At The Craft Affair, there were two categories of workshops. One was the regular type that covered skills such as fabric painting, glass painting, calligraphy and things like that. The more unusual workshop was called Make and Take where people would participate, do the craft by themselves and go off taking what they made.
“The Craft Affair is the first event I organised and I was very excited because it was something I was aiming for. I was never able to do it because of the manpower. So, finally I met two other people and it all went well. Craft Haven is a pioneer in the industry and Ryl Design is a pioneer as well in the bazaar scene.
“They have been organising bazaars for a very long time as well. So, plus my side The Artsy Craftsy is known to have a strong network of artisans and makers in Malaysia. When these three come together, it is stronger that way. Each of us have our own uniqueness, our own specialty.”
Toh believes it is better to collaborate with other people rather than do it by yourself, as she strongly stands by the idea that one is stronger as a team. Together with Craft Haven and Ryl Designs, she curated the vendors for the bazaar ensuring that all the items were handmade and of good quality.
“There are a lot of crafters out there who are trying to tap into the scene and want to make it. Unfortunately, not a lot of people realise that you need branding. You can’t just make a felt keychain, put it there and say you want to sell for X amount of money. It has to come with branding.”
Another criteria Toh looked for was the whole package. For instance, it has to come with a logo and some marketing effort. “We also looked at variety as well, we didn’t want to have too much of accessories, for example. We wanted to have a balanced amount of vendors. So, when the crowd came in, there would be so many things to do and so many things to see at the same time.”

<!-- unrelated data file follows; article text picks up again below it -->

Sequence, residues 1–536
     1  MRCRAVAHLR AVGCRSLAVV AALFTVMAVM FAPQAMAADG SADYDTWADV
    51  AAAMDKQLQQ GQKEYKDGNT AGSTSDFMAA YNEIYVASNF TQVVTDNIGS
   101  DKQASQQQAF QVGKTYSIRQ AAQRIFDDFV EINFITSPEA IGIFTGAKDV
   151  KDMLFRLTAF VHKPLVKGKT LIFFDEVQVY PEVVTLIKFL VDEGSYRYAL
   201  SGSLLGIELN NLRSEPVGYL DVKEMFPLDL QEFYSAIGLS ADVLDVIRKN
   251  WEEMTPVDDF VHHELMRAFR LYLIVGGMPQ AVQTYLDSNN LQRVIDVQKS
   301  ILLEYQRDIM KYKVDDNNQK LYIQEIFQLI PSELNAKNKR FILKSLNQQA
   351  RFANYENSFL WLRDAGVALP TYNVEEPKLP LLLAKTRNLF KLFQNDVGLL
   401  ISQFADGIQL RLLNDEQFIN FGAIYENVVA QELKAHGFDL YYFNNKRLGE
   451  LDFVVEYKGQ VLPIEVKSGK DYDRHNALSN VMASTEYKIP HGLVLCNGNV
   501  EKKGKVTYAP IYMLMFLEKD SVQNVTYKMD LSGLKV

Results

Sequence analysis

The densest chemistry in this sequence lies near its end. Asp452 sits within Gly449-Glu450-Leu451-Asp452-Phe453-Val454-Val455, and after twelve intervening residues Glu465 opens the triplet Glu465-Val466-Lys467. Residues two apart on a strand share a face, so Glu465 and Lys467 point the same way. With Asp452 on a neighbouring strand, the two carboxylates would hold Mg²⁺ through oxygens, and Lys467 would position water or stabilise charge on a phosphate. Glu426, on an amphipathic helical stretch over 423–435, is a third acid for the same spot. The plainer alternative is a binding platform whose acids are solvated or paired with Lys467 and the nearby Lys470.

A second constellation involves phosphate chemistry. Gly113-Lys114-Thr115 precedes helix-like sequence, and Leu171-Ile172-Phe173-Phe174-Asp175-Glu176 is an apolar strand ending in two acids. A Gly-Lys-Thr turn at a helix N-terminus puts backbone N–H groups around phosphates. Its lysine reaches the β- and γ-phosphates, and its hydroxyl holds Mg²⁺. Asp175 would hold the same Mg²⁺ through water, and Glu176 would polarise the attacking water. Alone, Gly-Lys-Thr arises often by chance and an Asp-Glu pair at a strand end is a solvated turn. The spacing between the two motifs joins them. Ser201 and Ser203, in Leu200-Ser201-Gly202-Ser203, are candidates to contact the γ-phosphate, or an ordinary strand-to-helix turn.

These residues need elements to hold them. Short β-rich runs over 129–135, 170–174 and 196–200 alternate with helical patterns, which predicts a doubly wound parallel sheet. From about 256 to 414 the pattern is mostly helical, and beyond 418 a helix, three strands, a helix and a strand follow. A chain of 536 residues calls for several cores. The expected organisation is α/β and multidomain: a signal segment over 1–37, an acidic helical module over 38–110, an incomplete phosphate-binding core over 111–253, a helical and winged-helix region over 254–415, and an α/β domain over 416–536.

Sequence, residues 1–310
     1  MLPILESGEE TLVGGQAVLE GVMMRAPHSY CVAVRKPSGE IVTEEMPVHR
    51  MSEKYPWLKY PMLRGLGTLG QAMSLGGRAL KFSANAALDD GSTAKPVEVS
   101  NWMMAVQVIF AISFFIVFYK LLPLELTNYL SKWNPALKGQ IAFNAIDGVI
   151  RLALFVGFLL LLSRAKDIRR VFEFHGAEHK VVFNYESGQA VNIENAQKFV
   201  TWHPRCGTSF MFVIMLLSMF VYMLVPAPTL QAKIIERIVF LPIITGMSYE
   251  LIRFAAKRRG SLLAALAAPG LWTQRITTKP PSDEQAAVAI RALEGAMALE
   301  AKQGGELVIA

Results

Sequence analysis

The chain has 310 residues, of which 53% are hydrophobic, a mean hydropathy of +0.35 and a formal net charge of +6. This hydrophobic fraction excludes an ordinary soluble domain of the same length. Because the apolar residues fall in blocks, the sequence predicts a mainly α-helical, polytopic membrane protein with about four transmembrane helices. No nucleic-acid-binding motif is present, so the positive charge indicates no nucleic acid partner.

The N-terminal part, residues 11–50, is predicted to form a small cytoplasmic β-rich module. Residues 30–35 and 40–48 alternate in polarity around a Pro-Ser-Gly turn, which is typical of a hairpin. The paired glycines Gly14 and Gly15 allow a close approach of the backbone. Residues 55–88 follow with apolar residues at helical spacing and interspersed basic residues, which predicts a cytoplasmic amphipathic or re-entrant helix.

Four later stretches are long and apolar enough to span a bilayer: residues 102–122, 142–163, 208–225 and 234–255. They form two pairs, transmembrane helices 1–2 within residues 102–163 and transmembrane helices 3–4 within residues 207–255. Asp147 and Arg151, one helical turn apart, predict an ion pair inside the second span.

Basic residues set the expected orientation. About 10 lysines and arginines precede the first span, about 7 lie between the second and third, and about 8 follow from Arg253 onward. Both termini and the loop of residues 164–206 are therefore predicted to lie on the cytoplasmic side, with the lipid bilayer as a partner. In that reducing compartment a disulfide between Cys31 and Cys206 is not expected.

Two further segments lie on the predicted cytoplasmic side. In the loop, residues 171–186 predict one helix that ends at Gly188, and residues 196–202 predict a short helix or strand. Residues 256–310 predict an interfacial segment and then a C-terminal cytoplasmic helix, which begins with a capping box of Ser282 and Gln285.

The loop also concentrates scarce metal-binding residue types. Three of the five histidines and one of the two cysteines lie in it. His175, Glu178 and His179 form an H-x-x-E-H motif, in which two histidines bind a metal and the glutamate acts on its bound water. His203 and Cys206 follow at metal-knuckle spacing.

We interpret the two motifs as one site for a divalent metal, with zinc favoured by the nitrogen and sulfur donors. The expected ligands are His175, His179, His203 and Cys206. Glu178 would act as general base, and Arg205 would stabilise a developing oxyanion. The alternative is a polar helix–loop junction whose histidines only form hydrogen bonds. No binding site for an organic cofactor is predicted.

The event attracted a number of independent artists, which made Toh happy. She believes that it’s an important opportunity for young artists to join these events as it is a platform for them to start showing off their items to the crowd and get feedback. “People don’t realise that when they join art markets or events, it is not just about making money, it is about networking. The fee you pay for the table is as though you are paying for a marketing fee. It is for you to get your name out there. The more you participate, the more you are known so people keep taking your name cards. People see you there and it is an offline exposure.”
To keep yourself updated with the next The Craft Affair or just be inspired with The Artsy Craftsy, check out the links below:
The Arsty Craftsy: www.theartsycraftsy.com
The Craft Affair